GEMNet-Health Innovates Model for Its Trainings

A recent training workshop on impact evaluation of health programs, held in July in Accra, Ghana, showcased a new model for joint trainings conducted by a network of regional training institutions.

Ghana IE WorkshopA recent training workshop on impact evaluation of health programs, held in July in Accra, Ghana, showcased a new model for joint trainings conducted by a network of regional training institutions.

The Global Evaluation and Monitoring Network for Health (GEMNet-Health), supported by MEASURE Evaluation, which is funded by the United States Agency for International Development (USAID), tested its joint training revenue-sharing policy at the 11-day workshop. It also turned over more teaching responsibility to network members and gained high marks from participants.

One objective for GEMNet-Health and its training efforts is for MEASURE Evaluation instructional support to be gradually reduced over time, as GEMNet-Health instructors take on increasing teaching responsibilities. The ultimate goal is for GEMNet-Health member institutions to offer specialized training programs independently, through pooled expertise. This workshop took the network a long way toward those goals.

For the first time, in addition to covering venue and administrative expenses incurred by the host institution, revenue from workshop fees also covered the workshop honoraria, travel, and in-country expenses for its instructors, other than those for MEASURE Evaluation. The majority of surplus revenue was allocated to the host institution; the remainder will be allocated to GEMNet-Health activities, according to the network’s revenue sharing matrix.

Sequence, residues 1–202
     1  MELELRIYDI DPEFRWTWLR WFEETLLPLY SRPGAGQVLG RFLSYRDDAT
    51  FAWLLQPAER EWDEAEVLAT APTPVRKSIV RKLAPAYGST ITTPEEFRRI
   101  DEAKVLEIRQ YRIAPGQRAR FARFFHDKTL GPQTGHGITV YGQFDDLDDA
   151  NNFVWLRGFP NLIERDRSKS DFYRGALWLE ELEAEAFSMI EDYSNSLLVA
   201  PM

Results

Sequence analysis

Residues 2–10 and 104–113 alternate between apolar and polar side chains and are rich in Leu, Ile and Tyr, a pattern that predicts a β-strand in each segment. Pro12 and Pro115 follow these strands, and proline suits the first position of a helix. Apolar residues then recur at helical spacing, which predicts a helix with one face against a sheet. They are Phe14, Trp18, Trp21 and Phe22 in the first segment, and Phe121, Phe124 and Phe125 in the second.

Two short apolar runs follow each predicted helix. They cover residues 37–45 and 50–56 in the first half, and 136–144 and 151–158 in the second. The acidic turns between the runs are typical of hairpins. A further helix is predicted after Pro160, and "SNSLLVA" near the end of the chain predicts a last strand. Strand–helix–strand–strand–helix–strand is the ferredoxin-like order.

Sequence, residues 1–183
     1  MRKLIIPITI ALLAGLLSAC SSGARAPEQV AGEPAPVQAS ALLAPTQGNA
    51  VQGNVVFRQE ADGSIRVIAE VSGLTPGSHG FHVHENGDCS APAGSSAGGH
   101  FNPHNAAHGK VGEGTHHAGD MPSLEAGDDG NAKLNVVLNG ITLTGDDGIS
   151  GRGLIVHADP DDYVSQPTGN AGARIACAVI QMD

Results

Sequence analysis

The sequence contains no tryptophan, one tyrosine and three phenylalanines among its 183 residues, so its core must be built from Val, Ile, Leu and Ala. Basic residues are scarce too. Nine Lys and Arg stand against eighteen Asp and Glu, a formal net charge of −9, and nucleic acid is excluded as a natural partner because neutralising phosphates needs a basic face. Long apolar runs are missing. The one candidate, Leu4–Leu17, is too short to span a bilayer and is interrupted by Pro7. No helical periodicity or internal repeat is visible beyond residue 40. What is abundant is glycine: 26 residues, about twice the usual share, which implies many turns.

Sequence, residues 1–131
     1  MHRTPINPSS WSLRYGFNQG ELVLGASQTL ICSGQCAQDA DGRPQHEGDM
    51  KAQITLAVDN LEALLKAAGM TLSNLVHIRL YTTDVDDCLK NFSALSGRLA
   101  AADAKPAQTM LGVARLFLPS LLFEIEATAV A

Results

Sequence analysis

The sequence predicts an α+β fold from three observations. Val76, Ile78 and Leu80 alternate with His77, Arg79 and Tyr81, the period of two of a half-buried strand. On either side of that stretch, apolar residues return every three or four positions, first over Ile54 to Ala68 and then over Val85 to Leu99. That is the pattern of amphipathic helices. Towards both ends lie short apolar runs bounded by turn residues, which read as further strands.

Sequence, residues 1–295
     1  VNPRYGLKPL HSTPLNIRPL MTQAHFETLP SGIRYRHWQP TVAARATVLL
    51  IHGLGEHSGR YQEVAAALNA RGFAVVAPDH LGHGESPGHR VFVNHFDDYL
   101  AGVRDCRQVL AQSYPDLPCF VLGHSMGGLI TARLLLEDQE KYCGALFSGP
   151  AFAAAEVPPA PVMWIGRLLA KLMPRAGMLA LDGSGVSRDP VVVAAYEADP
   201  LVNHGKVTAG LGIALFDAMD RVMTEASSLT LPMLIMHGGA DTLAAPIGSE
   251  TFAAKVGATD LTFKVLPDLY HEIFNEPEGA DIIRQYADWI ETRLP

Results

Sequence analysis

“The deep commitment shown by all the GEMNet-Health member institutions to take a long-term, broad perspective to appreciate potential benefits for GEMNet-Health is laudable,” says Hemali Kulatilaka, MEASURE Evaluation’s senior technical specialist for capacity building and one of the workshop planners.

“For me, it was a wonderful opportunity to co-lead such a highly successful workshop,” says Justice Nonvignon, PhD, senior lecturer, University of Ghana, School of Public Health, which is a founding member of GEMNet-Health and the host institution for this workshop. “There was high-quality teaching and we had very engaging participants.”

Generous fellowship support was provided by 3ie, along with advertising for the workshop on its website, which strengthened recruitment efforts. Ultimately, 22 participants from 13 countries were selected from a pool of 153 applicants.

Participants said the training was valuable for its relevance to their work and insights gained for skills-building, with a mean score of 8.77 on a scale of 1 (poor) to 10 (excellent). Participant responses were particularly rewarding, given the network’s expanded teaching responsibility. “This is a testament to the depth of capacity that now exists in the GEMNet-Health pool of instructors,” Kulatilaka said.

The joint planning and teaching at the workshop also showed partner institutions that they can share expertise to offer a wide variety of in-demand topics and also to further strengthen relationships among themselves.